Pittsburgh Public Schools board votes to sell former Pittsburgh Schenley High School
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In a controversial 5-4 vote tonight, the Pittsburgh Public Schools board has decided to sell the former Pittsburgh Schenley High School to a developer who plans to turn the historic Oakland building into luxury apartments.
The board, which had received four bids, voted to award the property for $5.2 million to PMC/Schenley HSB Associates LP, which is associated with PMC Property Group of Philadelphia.
After a spirited debate, voting yes were board members Theresa Colaizzi, Jean Fink, Sherry Hazuda, Bill Isler and Floyd McCrea. Voting no were board members Mark Brentley Sr., Regina Holley, Sharene Shealey and Thomas Sumpter.
PMC was the highest of four bidders and also scored the highest in the review process.
PMC is planning a $36.9 million project, which would include as many as 178 luxury one- and two-bedroom apartments with about 50 inside parking places, 75 outside ones and some bicycle parking.
The fate of Schenley has been controversial since it closed in 2008 on a 5-4 vote. Another 5-4 vote in September called for the district to seek bids to sell the school.
Some still would like to see it return to use as a school, charging that the cost of renovations have been overstated.
The district recently released two new estimates for renovation from engineering/architectural firms, $53.2 million by HHSDR and $59.4 million by Astorino. When discussing closing the school, then-Superintendent Mark Roosevelt gave estimates ranging from about $64 million to about $80 million.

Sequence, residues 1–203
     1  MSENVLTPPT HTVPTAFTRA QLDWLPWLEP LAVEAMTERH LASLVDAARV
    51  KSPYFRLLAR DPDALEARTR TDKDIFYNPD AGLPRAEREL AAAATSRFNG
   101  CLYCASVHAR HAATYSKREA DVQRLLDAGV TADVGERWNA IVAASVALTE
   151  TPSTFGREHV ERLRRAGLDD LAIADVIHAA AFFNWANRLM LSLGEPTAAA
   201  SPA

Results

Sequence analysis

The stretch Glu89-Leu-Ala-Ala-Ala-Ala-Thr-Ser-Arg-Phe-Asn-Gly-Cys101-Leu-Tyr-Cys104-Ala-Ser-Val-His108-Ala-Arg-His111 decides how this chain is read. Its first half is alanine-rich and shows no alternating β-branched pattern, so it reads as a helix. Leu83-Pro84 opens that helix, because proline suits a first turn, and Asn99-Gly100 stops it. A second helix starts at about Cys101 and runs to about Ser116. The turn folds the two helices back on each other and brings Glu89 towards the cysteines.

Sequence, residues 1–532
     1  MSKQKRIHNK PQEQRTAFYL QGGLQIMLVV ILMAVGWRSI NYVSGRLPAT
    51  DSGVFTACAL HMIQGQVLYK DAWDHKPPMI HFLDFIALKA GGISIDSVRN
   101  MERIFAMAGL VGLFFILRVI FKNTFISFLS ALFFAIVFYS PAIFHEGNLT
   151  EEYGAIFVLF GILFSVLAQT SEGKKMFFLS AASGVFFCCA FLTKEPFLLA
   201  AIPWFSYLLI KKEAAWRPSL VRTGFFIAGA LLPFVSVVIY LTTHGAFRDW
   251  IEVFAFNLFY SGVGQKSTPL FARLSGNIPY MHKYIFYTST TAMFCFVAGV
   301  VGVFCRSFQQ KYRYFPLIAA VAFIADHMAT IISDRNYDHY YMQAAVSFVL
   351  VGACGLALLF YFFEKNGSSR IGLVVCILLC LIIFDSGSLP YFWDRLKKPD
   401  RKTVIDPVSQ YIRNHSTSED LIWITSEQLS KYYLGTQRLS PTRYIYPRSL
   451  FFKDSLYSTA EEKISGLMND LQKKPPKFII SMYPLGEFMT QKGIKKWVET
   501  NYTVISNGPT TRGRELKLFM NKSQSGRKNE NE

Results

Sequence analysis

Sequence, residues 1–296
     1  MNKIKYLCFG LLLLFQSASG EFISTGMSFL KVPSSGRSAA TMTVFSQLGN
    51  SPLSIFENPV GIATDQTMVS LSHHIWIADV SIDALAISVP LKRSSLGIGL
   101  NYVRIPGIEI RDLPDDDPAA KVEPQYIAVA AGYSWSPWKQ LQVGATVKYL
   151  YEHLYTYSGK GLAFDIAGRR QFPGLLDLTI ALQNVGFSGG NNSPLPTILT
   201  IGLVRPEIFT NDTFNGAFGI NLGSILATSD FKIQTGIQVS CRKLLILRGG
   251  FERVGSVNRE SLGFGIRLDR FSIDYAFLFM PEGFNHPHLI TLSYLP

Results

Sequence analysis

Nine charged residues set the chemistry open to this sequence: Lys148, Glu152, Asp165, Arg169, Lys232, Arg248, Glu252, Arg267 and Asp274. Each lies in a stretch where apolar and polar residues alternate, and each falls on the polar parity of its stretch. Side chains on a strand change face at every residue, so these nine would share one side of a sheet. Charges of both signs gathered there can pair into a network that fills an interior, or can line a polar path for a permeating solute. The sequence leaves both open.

PMC's work will be governed by the requirements of the National Park Service so the project is eligible for historic tax credits. This will affect how much the width of the corridors can be altered, which may result in fewer apartments, Jerold Novick, executive vice president and general counsel of PMC Property Group, said in a public presentation last week.
The sale includes school built in 1916 as well as the pool and gym addition built in 1988 on a 4.1 acre site by the Schenley Farms neighborhood.
The exterior would remain the same. There are no plans to use the auditorium, but it will be left intact. The addition would be kept although the pool likely wouldn't be used. The gym may become an amenity for residents.
One of the other three bidders still was fighting for its proposal this week.
At the board's public hearing Monday, Edward Alexei, representing AWSVPA -- Andy Warhol School of Visual and Performing Arts -- distributed a paper on which he criticized the process and offered two other options, one calling for the board to let AWSVPA purchase the school for $5.3 million. In the sealed bidding process, AWSVPA bid $4.1 million.
He also said that if the board didn't sell the building, the group "is willing to work with the school board to secure financing for the remodeling, as well as the first-year operational budget" at a low rate "secured by private and institutional investors."
"We are prepared to provide financing for the remodel of Schenley independent of the school board budget should the board make themselves available to that option," Mr. Alexei said in an email.
Its bid proposal and the Monday night release estimated 1,000 students would attend the tuition-based school. The Monday night release also said its curriculum could attract 2,000 to 3,000 tuition-paying online students outside the area paying $4,900 to $5,500 a year, which "could provide a sustainable source of budgetary surplus for the PPS fund balance."
The other two bidders were Kossman Development Co. and Provident Charter School, which bid $4.6 million to use the building as a charter school and 115 units of housing for college students and young professionals; and Ralph A. Falbo Inc. and Beacon Communities Development, which bid $4 million and planned 123 apartments.
First Published February 27, 2013 9:19 pm